Order based Planning and Order Promising

Order based Planning: Order-based planning is the functionality that plans planned orders to cover components and end items. This functionality largely corresponds to Materials Requirement Planning (MRP) and uses BOMs (Bill of Materials) to explode material requirements and the routings to calculate lead-time of planned production orders.

Differences between Master and Order based Planning

  1. When production is planned in order-based planning, all necessary components and required production capacity is taken into account. This information is retrieved from the item’s BOM and routing, respectively. When production is planned in master-based planning, only those components and production facilities are considered which have been labeled as critical.

  2. Order-based planning is for short-term supply planning where planning data is recorded on a second by second basis. Master-based planning is used for long-term supply planning, where planning data is recorded on time bucket. Control of this combination of planning methods is done by setting an item’s order horizon.

  3. Planned supply order is generated in order based planning where as supply plan for the period of planning horizon is created by master based planning.

A combined overview of order based planning and master based planning

Order based Planning and Master based Planning

If order horizon is set to zero, the system plans supply through master based planning only. If order horizon is equal to planning horizon, the system plans all supply through order based planning

Procedure for Order based Planning

  1. Time phased overview: This functionality is used to get a time-phased overview of order planning, which lists overview values for demand and forecasted consumption on the one hand, and scheduled receipts and planned supply on the other hand. It is possible to simulate the above values under various scenarios to see resultant projected inventory.

  2. Rolling and updating of actual scenario: A rolling plan is a scenario of which the planning horizon and plan period division is regularly shifted in time. The goods flow transactions are updated here for all components of the plan items.

  3. Order Simulation: This functionality is used to carry out an order-based-planning run to generate orders of the following order types. Planned supply orders are created within planned items order horizon for both main and component level items if the top down option is selected. In case of adoption of bottom up option, the item selection is extended to parent items.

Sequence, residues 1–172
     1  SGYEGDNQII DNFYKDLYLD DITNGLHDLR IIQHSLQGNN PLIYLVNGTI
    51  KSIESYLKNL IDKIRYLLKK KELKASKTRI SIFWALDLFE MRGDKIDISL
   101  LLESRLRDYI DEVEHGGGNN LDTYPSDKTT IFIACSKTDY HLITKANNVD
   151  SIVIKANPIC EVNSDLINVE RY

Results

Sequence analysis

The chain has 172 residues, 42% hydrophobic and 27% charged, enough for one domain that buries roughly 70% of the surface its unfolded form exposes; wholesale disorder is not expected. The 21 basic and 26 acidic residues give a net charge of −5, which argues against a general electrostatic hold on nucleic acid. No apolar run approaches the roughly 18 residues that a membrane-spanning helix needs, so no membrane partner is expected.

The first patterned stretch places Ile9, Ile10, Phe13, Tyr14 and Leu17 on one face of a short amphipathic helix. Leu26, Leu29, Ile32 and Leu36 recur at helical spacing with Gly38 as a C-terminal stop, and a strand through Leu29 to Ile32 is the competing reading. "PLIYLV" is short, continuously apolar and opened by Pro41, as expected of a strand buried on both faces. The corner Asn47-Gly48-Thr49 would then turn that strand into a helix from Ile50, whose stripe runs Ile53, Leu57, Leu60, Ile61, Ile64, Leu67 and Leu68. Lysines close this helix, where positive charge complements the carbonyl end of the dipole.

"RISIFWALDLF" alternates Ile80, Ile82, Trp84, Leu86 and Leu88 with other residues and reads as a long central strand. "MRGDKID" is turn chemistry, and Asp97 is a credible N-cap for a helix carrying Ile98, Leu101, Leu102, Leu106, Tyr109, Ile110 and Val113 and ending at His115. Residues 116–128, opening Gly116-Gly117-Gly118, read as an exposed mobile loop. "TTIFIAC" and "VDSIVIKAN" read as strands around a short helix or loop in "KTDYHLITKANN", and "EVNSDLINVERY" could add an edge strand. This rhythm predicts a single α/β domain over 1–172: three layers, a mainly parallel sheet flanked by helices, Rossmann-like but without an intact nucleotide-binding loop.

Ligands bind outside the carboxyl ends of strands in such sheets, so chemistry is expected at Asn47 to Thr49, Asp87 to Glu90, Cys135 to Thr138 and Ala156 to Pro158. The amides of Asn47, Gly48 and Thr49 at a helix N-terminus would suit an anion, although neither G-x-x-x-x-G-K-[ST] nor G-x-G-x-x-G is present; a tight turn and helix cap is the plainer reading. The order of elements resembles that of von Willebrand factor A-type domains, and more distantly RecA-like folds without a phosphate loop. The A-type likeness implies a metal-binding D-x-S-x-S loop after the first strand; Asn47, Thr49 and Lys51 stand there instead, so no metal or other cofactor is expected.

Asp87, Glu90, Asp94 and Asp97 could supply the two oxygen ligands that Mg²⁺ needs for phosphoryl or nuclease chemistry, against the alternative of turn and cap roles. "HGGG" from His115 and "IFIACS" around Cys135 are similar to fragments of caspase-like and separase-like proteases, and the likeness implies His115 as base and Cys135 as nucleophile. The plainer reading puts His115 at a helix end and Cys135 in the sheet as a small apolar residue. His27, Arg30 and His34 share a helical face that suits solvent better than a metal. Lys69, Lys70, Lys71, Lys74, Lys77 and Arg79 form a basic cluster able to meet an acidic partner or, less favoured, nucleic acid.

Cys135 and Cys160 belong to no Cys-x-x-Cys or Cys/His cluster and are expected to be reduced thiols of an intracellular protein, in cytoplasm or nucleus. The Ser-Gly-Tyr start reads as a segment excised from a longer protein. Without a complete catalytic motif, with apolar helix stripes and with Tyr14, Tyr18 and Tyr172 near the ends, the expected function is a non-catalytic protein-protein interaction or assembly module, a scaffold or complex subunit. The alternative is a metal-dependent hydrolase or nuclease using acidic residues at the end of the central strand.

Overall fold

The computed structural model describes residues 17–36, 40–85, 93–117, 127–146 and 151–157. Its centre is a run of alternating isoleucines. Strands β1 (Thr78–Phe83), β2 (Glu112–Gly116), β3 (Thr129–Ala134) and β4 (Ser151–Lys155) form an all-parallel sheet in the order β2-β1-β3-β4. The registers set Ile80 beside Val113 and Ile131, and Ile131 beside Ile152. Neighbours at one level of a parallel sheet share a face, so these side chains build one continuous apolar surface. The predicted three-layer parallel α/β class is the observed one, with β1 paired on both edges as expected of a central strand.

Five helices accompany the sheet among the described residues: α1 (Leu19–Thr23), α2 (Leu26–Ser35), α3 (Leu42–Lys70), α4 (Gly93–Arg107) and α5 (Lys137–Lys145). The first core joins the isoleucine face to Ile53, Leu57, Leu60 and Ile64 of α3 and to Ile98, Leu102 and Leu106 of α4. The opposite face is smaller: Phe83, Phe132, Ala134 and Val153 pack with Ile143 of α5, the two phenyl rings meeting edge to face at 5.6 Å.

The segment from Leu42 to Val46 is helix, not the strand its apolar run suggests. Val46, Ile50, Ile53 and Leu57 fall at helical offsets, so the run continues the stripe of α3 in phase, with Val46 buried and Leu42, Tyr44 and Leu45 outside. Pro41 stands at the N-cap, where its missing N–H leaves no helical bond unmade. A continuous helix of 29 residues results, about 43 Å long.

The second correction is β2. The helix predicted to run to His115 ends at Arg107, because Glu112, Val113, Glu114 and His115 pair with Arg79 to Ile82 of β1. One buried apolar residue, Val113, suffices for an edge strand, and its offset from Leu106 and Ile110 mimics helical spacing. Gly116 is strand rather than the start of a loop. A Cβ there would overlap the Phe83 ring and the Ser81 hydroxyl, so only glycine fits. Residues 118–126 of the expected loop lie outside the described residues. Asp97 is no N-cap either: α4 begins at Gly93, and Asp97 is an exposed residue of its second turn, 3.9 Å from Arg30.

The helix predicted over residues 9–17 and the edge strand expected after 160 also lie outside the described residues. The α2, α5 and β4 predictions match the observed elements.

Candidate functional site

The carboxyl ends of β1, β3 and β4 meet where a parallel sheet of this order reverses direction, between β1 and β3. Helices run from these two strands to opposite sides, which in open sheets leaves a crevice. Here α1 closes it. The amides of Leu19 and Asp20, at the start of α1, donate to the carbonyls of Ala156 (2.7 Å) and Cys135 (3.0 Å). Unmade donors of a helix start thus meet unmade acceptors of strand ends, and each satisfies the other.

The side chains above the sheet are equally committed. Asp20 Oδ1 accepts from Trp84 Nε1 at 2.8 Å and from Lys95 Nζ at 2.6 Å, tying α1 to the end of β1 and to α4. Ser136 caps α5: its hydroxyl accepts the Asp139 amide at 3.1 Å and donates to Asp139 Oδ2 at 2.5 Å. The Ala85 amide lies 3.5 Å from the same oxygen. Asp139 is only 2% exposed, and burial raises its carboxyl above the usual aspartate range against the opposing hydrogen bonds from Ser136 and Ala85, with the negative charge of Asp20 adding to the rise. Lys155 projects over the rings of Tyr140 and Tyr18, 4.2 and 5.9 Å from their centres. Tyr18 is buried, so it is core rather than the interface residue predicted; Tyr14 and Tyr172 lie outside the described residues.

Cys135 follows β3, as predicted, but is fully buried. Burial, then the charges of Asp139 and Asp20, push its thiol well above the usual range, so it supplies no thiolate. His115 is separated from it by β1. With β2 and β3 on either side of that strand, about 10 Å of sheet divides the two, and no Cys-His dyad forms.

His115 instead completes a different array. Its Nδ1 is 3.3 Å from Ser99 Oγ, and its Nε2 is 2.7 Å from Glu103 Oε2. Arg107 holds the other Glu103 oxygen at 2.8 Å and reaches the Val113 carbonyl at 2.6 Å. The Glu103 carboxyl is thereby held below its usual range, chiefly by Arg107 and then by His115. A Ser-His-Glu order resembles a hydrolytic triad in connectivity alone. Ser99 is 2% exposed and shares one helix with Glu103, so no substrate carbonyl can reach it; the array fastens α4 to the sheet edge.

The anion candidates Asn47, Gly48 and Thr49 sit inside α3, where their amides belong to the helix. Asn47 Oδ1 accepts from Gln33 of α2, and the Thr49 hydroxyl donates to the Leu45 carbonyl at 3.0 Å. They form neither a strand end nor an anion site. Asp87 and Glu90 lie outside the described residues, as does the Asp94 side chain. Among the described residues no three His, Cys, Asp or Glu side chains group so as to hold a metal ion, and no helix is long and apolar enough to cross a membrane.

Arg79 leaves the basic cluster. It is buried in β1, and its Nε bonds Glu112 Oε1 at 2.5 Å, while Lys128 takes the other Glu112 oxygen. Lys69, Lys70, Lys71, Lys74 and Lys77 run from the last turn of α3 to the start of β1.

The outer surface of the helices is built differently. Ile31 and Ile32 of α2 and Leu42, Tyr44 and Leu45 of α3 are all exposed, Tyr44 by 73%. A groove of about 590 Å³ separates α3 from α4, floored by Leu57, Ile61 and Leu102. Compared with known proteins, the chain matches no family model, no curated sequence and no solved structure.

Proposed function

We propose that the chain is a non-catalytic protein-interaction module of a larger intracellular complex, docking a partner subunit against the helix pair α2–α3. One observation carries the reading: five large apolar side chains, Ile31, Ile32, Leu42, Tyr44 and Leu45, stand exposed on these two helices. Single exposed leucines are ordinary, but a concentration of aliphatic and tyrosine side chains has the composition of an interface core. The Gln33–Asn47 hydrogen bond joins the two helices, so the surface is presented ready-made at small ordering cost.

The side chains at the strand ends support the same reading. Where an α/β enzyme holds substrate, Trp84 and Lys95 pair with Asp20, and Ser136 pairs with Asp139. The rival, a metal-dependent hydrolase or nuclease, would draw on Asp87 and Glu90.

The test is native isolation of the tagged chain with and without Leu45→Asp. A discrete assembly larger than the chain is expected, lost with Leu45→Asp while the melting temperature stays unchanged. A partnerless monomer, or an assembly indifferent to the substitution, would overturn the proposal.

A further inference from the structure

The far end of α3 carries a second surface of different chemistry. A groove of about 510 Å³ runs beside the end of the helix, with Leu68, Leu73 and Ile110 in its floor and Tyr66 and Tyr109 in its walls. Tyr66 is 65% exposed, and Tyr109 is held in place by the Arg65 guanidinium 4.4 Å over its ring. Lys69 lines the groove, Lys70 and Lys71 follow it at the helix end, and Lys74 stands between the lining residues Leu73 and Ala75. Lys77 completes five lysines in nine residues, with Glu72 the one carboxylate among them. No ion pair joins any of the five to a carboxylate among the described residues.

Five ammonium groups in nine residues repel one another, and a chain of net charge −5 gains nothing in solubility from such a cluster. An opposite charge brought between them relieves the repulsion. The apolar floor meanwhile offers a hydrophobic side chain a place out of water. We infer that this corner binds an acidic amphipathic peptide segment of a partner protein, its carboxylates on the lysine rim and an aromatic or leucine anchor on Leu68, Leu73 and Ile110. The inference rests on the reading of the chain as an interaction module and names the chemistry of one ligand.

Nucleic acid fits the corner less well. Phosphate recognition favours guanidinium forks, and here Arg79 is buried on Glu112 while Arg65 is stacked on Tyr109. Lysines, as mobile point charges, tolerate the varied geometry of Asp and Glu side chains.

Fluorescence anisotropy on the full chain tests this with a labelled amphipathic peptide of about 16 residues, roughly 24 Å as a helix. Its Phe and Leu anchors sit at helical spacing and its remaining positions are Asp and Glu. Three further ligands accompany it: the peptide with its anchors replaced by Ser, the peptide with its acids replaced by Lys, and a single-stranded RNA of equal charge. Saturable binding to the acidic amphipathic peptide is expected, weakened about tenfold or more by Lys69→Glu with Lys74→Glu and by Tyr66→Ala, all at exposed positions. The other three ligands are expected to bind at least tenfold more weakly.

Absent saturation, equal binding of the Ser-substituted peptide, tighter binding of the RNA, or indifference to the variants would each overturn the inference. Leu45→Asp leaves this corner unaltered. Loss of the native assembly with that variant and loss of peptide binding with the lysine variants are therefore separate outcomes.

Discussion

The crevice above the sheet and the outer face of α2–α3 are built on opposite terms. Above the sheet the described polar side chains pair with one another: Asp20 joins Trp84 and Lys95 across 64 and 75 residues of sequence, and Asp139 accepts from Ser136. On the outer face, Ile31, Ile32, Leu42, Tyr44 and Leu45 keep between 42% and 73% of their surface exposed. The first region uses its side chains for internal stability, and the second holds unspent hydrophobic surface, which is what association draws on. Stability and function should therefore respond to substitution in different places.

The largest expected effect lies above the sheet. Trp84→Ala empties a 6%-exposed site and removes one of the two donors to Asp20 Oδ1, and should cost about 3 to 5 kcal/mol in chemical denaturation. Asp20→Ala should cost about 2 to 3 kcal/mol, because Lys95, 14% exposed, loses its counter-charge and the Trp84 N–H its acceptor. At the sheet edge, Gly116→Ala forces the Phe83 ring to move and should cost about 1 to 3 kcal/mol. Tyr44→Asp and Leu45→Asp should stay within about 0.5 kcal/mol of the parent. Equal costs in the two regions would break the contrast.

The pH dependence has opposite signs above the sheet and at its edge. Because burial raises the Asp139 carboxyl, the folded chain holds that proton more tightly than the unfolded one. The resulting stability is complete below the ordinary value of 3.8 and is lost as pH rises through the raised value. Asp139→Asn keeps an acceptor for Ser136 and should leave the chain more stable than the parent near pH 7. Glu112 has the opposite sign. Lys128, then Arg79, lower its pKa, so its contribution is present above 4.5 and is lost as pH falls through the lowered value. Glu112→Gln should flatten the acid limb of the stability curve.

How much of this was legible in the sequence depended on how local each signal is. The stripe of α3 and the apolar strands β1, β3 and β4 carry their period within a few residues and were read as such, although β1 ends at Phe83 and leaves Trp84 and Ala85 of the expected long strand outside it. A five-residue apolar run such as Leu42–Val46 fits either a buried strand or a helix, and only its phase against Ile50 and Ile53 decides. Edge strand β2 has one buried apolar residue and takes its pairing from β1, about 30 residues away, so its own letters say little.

1. Planned production order.
    2. Planned procurement order.
    3. Planned distribution order.

  4. Review and analyzing order plan: Orders are reviewed and analyzed particularly in respect of goods flow mismatch between demand and supply, which can be further drilled down to various regions and sales channel. The system provides various graphical tools and planning board for this purpose. After taking corrective measure regarding materials availability and capacity constrain, planned orders are transferred to execution modules.

Order Promising - ATP & CTP: Demand forecasts are gradually consumed by actual customer orders. The calculated item quantity that is available (to sell or consume) on a certain future date, based on the current supply planning is known as Available to promise (ATP). ATP is an indicator of inventory availability that is specifically geared to the process of order acceptance. ATP may be for one period or may be cumulative over a number of periods. When it comes to accepting customer orders, a plan period’s cumulative ATP is a clear indicator of the order quantity that can still be promised to deliver in that plan period.

The functionality behind the notion of cumulative ATP is further enhanced by Enterprise Planning’s extended capable-to-promise (CTP) checking techniques. These techniques not only consider what can be promised on the basis of the planned supply, but also explore the possibility of producing more than what the current supply planning indicates. There are various dimensions of checking CTP such as:

  1. Capacity CTP - If ATP does not provide sufficient quantity, capacity CTP checks if critic resources needed to produce extra quantity are available.
  2. Component CTP - If ATP does not provide sufficient quantity, Component CTP checks if critical components needed to produce extra quantity are available.

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